But what of these, now?

    The call of duty is lessened in times of peace in general. It is further lessened in times of quasi-wars, like we are in now. What is the threat? Afghanistan? Syria? Are the citizens of the USA calling for protection, there, or is the perception different?

    Who wants to fight, or send their child to fight, in one of these low-intensity conflicts?

    Compensation gaps are probably no larger than they have been in the past, but the lifestyle gaps are likely the largest they have ever been.

    Twenty-year-old US Citizens have a softer life than their predecessors. You can argue about this, but it is a fact – technology and productivity has made life softer. This is generally a good thing, until it’s contrasted to military life. Military life demands sacrifice that goes far beyond civilian life, and I believe that this gap is the largest it has ever been.

    Sleep deprivation, following orders, a deeply curtailed social life, etc. Plus: even lower income youth can scrape up the money to see the world these days, so that magic incentive is also gone.

    The Navy is fighting a seriously uphill battle here.

  • derricklau

    There’s always the option of compulsory service for new immigrants…perhaps as a fast track path to citizenship? How about automatic citizenship for dreamers that serve for two years?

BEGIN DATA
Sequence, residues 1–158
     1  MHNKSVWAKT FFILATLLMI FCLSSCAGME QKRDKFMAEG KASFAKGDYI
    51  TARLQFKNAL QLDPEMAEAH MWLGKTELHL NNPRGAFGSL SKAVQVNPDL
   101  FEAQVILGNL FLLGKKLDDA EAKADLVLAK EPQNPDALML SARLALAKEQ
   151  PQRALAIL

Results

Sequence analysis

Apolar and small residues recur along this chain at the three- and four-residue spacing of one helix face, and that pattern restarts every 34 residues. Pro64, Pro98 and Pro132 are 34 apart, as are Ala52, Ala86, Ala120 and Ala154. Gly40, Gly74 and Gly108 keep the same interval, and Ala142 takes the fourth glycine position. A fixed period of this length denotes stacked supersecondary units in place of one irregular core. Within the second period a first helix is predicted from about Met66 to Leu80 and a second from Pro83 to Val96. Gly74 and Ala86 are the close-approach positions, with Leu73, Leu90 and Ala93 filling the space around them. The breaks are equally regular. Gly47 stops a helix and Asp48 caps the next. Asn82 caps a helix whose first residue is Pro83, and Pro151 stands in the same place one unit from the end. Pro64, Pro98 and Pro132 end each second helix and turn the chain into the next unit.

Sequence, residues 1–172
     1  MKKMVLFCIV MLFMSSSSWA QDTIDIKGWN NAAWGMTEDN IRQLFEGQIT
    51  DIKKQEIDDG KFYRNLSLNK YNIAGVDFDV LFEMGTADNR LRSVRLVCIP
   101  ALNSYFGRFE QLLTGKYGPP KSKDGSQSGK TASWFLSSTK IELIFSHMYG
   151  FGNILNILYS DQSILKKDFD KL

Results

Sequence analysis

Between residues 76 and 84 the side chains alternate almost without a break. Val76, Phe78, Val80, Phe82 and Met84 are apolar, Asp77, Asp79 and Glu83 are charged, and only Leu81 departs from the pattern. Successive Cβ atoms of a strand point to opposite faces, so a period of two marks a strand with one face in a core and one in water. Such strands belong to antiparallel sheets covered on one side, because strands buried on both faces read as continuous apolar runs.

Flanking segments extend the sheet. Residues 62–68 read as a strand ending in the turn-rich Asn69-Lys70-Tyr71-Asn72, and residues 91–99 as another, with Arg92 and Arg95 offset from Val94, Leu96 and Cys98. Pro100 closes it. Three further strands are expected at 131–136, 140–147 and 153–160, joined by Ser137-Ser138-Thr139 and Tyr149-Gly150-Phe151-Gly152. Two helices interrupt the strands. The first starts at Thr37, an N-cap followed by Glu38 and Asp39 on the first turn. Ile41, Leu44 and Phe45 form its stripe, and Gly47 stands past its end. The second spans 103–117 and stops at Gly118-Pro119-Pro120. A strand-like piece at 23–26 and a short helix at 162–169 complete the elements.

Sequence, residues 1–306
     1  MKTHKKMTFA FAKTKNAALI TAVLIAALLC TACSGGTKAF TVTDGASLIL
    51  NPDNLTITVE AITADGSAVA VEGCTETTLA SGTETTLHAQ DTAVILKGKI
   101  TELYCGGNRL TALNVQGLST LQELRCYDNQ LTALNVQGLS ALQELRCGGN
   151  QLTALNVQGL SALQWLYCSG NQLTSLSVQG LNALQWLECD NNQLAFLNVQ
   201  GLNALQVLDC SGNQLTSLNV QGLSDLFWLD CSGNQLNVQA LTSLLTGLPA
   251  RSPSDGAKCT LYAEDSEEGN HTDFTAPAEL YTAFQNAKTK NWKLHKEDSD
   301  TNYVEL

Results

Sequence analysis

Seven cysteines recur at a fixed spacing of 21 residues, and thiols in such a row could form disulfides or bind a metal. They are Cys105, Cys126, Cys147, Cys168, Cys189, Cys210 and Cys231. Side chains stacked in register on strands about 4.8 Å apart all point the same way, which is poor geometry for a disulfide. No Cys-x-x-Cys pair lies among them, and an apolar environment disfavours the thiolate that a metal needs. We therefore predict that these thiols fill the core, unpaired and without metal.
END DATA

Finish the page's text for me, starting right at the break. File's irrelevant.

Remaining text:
• derricklau

      But watch them. They need to prove their allegiance…last thing you want are ISIS fighters in your midst.

  • MDK187

    “Certain fields are in short supply” — specifically citing nuclear, advanced electronics, aviation and cyber…
    Whowouddafigured? Why should anybody with actual skills sign up? To be subjected to a bunch of social-engineering diversity and sensitivity bullschit? Only the medically-nondeployable safe-space-craving ritalin-fed millenial momma’s boys/boygirls/feminist-activists sign up so as to experience self-actualization by forcing the training standards lowered for them. Give it a few more years as the remaining true-believer old-timers get gone and what’s left after that won’t be worth having as a service.

  • fcrowder1949

    What needs to happen is for all the armed services is ask those who have retired to return to active duty. For those who are unable to be placed in combatant roles or ship board commands, place them in shore commands and send those who they replace to the commands that need the younger military member. I can tell you as a Retired Navy Chief, I know several and I mean SEVERAL retirees who would volunteer in a heart beat to come back in BECAUSE they miss the service they were in.